Max Verstappen’s first lap in China was straight out of a video game. Not only does he make it look easy passing 8 cars, but it’s interesting that he starts the race in 2nd gear and also that he gains at least 100 metres on Dani Kvyat under braking for the final hairpin.
Data was released earlier this week confirming Max Verstappen made more overtaking manoeuvres than any other F1 driver in 2016, which perhaps isn’t a surprise (he held the same record last year too). In this brilliant video Verstappen tells Martin Brundle how his work behind the Safety Car, and his experience on a quadbike, helped him climb 13 places in 14 laps at the end of the Brazilian GP.
In 1994 the Benetton Formula One team dropped an underperforming driver halfway through the season in favour of a young charger called Jos Verstappen. Jos was hugely talented but the sudden opportunity with a winning team was arguably too much too soon. Despite his natural speed, Verstappen struggled with inexperience and was dropped by Benetton 4 months later.
Fast forward to 2016 and Red Bull are taking a similar chance with Max Verstappen. The youngest driver in F1 history is a champion in the making but competing alongside Daniel Ricciardo without much preparation will expose him to a lot of pressure and expectation very early in his career. Red Bull have shown they don’t offer many second chances so Verstappen’s big opportunity is also a big risk. Thankfully Max can ask his Dad for advice.
Max Verstappen will race with Toro Rosso in 2015 but even if Red Bull have a superstar on their hands they risk his long-term career by rushing him into F1 too quickly. Verstappen might be better off racing in GP2 for a season because there is evidence to suggest an extra year of preparation is very beneficial.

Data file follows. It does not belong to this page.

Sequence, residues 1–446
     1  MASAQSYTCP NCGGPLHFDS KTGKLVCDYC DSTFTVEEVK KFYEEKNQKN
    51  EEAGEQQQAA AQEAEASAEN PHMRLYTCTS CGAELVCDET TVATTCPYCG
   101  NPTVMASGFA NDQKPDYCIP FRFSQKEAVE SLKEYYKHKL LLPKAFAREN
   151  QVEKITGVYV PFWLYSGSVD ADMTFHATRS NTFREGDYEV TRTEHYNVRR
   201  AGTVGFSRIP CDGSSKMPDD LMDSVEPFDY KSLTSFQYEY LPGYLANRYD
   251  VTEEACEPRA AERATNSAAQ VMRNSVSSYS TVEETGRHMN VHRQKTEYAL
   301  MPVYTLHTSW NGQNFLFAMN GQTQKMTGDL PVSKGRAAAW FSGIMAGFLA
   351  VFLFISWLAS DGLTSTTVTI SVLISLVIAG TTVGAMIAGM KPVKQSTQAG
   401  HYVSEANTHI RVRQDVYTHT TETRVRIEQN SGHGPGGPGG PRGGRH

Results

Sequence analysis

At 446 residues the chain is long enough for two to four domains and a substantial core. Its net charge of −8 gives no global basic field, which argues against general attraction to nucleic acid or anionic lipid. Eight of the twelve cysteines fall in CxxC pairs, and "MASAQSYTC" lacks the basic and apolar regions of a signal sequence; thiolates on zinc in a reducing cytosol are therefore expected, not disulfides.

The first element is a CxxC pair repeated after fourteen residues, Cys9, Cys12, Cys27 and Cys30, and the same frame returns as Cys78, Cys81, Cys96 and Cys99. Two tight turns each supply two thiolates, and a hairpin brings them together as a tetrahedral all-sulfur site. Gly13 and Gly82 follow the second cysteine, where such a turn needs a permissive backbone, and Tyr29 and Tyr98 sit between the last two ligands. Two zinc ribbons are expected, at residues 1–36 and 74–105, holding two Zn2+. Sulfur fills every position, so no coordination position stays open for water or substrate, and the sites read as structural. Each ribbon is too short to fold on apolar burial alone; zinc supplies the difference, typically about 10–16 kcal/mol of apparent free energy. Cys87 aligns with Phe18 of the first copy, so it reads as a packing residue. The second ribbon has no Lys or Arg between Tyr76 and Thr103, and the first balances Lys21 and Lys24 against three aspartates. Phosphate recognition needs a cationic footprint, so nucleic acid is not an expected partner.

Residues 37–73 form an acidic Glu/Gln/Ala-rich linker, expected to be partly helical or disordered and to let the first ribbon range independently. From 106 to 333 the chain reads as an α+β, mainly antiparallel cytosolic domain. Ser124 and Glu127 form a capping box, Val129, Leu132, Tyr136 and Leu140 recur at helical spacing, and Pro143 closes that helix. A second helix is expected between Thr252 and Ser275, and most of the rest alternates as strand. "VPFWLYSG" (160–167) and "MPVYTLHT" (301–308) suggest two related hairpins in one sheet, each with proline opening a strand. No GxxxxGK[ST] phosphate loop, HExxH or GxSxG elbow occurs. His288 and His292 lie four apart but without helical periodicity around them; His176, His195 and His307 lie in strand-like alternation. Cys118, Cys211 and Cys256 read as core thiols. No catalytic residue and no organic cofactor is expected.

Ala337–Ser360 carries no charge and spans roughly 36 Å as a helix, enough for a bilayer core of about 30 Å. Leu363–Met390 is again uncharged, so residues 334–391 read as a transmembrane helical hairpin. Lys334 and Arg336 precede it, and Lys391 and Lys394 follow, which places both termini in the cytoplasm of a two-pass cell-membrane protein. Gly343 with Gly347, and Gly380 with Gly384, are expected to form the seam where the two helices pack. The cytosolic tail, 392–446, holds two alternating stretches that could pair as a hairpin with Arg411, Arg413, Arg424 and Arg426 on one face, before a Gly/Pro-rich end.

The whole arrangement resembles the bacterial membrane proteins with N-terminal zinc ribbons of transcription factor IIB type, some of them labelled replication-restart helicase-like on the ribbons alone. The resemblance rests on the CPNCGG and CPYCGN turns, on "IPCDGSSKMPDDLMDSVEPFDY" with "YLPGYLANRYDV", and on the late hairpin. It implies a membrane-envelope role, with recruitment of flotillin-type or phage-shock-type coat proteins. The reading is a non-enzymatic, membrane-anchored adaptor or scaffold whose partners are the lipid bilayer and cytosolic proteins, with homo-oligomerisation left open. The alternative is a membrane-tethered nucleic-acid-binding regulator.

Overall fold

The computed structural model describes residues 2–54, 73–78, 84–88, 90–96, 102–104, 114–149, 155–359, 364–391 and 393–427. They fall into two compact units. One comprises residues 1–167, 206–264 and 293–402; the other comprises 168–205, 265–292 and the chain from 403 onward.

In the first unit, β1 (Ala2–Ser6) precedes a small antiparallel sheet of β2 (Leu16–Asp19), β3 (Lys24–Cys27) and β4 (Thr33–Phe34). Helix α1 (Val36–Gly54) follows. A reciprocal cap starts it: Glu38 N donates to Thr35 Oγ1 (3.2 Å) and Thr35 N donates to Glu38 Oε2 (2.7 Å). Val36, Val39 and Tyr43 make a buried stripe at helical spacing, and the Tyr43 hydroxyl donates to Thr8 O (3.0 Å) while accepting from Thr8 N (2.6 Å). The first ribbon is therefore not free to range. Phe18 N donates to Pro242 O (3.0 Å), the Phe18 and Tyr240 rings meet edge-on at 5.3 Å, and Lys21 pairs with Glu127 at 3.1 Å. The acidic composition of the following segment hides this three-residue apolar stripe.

Lewis Hamilton and Marc Marquez are two great examples of the value of competing in junior categories. Both enjoyed instant success at the top level of racing because they took their time getting there. Hamilton was forced to spend an extra season in Formula 3 (McLaren wouldn’t let him move out of a category until he won it) whilst Marquez opted to stay in Moto2 during 2012 despite the opportunity to move upwards. Those extra years of development allowed Hamilton and Marquez to make the most of their potential and shine on the world stage when they arrived.
On the flip side of the coin are young stars that don’t get the chance to fully develop their skills. One current example is arguably Kevin Magnussen. Although hugely talented, Magnussen hasn’t looked as comfortable in Formula One as many expected and McLaren’s bosses are yet to extend his contract. A season of GP2 in 2014 might’ve been better for his long-term career prospects. Formula One is too unforgiving for it to be treated as a finishing school.
Max Verstappen is only 16 years old so time is on his side. There is no need to rush him, so why not prepare him? He might be ready for F1 but he might not be ready to succeed. A year of GP2 isn’t going to make him a worse driver is it?